Donald Trump from the state’s primary ballot, allowing him to continue his candidacy. The lawsuit invoked a rarely-used constitutional provision, Section 3 of the 14th Amendment, which prohibits individuals involved in insurrection from holding office. This dismissal marks the court’s decision to refrain from being the first to utilize this amendment to disqualify a candidate from running for the presidency.
The court justified its dismissal by emphasizing that state law grants political parties the authority to select candidates for the primary ballot. In doing so, the court sidestepped the underlying question of whether Trump’s alleged role in the January 6, 2021, attack on the U.S. Capitol disqualifies him from the presidency.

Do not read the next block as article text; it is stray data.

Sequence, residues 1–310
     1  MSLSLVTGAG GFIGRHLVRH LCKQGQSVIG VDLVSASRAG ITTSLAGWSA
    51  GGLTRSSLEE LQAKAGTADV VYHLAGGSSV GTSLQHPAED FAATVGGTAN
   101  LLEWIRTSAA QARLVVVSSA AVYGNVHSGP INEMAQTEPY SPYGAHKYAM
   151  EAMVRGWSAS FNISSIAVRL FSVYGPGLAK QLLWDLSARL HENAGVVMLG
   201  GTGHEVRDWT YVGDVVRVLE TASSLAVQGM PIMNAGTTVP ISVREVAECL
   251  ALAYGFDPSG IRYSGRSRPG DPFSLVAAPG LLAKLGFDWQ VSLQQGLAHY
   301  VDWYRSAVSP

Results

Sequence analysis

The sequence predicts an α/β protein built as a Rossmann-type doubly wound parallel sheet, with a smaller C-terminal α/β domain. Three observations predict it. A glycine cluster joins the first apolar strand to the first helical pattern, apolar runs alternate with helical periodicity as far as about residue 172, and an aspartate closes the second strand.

Chief Justice Natalie Hudson clarified the decision, stating, “There is no state statute that prohibits a major political party from placing on the presidential nomination primary ballot, or sending delegates to the national convention supporting, a candidate who is ineligible to hold office.”
While Trump remains on the primary ballot, the court left room for the possibility that plaintiffs could attempt to challenge his presence on the general election ballot in November.
The legal challenge against Trump in Minnesota was initiated by the liberal group Free Speech For People, which has expressed its commitment to persist in its campaign to end Trump’s presidential bid. This ruling sets a precedent for a series of lawsuits filed by Free Speech For People and another liberal group, all seeking to use Section 3 of the 14th Amendment to prevent Trump’s candidacy in the Republican presidential primary.
🚨 BREAKING: The Minnesota Supreme Court has DISMISSED the 14th amendment ‘insurrection clause’ challenge. Which means Donald Trump will remain on the 2024 primary ballot.
— Ian Jaeger (@IanJaeger29) November 8, 2023